Ushpizin (2004) dir Gidi Dar Dateline Jerusalem, the Festival of Succot. Devout couple Moshe and Mali face impoverishment – and her infertility. Miraculously an unexpected gift and a Succah (the booth they need to celebrate the festival) appear. Another miracle: acquaintances from Moshe’s past arrive, gratefully accepted as ‘ushpizin’ (holy guests). But these boorish men are prison escapees . . . I choose Ushpizin for its honest insight into Orthodox life as well as its humanity and light comic touch.
Salomea’s Nose (2014) dir Susan Korda This gemlike tragicomedy twists and turns to delicately navigate the experience of 20th-century European Jewry – in just 23 minutes. The lush period-feel palate, Jasmin Reuter’s witty, plangent score, clever and unexpected camera angles all result in perfection!
Andrew Pulver Film editor, the Guardian
A Serious Man (2009) dir Ethan and Joel Cohen Until A Serious Man, the Coen brothers hinted only obliquely at their Jewishness (“I don’t roll on Shabbos!” as Walter Sobchak says in The Big Lebowski). However, A Serious Man, an unarguable masterpiece, not only draws copiously from their memories growing up in 1960s Minnesota, but also has all the dramatic heft and thematic brilliance of Saul Bellow or Philip Roth. A multilayered nest of stories (including a prologue that comes on like a Yiddish zombie flick), this film is as mysteriously elegant as it is moving.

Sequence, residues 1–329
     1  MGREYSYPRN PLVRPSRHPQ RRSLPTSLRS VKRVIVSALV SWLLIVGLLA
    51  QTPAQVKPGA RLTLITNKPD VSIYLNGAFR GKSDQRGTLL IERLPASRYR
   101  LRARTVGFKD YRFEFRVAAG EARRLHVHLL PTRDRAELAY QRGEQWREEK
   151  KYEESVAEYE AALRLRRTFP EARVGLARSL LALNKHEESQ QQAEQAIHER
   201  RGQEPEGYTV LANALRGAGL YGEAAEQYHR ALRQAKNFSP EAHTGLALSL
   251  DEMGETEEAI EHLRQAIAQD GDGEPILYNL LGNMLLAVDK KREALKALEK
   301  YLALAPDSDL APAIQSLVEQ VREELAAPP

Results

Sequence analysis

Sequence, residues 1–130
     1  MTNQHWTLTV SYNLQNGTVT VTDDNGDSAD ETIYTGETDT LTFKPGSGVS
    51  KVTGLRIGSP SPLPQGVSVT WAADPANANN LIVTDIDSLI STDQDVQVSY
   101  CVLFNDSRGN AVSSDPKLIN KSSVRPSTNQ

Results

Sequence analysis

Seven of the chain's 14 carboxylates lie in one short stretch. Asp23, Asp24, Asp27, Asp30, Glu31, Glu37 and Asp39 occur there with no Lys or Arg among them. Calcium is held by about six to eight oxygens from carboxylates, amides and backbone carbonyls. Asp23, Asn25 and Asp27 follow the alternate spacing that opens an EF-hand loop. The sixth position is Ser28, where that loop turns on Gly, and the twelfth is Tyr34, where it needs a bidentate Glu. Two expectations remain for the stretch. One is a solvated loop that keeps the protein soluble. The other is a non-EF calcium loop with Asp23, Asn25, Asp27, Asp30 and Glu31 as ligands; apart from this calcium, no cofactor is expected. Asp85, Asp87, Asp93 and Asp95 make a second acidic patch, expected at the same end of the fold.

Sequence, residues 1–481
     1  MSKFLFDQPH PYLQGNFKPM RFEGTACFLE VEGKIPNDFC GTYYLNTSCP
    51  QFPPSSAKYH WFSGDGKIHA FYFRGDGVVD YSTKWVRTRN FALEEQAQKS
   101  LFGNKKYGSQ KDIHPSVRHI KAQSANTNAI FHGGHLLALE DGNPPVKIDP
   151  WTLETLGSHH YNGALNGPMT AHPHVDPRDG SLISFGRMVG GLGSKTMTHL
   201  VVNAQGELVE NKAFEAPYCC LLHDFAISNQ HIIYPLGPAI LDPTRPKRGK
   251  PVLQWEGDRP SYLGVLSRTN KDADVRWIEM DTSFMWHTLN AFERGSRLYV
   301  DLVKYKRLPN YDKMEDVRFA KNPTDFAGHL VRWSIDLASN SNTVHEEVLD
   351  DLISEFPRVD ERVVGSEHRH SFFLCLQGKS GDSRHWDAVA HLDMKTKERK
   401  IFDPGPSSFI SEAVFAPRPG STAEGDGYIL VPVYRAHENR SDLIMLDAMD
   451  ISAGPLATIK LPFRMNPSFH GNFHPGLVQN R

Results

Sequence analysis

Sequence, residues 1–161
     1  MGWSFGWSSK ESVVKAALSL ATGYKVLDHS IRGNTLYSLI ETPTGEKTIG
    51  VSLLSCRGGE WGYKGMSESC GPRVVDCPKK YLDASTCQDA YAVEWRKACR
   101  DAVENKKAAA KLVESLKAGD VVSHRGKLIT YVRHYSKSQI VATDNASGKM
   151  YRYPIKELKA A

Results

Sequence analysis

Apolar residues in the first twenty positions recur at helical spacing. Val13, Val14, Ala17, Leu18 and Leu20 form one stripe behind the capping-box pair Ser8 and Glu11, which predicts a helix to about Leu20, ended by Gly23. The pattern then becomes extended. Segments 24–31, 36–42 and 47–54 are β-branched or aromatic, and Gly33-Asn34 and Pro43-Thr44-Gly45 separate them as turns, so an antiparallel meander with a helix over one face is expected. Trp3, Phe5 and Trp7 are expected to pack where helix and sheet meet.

Chariots of Fire (1981) dir Hugh Hudson Released in 1981, as Thatcherism got up its head of steam, Chariots of Fire has been somewhat unfairly been bracketed with that era’s resurgent British patriotism. However, the film is really about the forces that brought about the end of the empire. The Jewish half is devoted to sprinter Harold Abraham, who resented the Edwardian amateurism of British athletics and pushed for meritocracy. The film remains one of the few accounts of British Jewry’s attempt to assimilate and is a genuinely stirring story to boot.